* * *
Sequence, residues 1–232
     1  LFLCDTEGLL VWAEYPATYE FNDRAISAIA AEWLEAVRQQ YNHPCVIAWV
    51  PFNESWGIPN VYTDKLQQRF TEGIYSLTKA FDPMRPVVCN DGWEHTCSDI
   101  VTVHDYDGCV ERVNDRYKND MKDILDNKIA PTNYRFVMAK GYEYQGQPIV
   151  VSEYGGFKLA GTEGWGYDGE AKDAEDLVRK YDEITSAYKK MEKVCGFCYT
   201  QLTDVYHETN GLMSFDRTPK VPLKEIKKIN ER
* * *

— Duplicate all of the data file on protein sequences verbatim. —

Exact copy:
Sequence, residues 1–232
     1  LFLCDTEGLL VWAEYPATYE FNDRAISAIA AEWLEAVRQQ YNHPCVIAWV
    51  PFNESWGIPN VYTDKLQQRF TEGIYSLTKA FDPMRPVVCN DGWEHTCSDI
   101  VTVHDYDGCV ERVNDRYKND MKDILDNKIA PTNYRFVMAK GYEYQGQPIV
   151  VSEYGGFKLA GTEGWGYDGE AKDAEDLVRK YDEITSAYKK MEKVCGFCYT
   201  QLTDVYHETN GLMSFDRTPK VPLKEIKKIN ER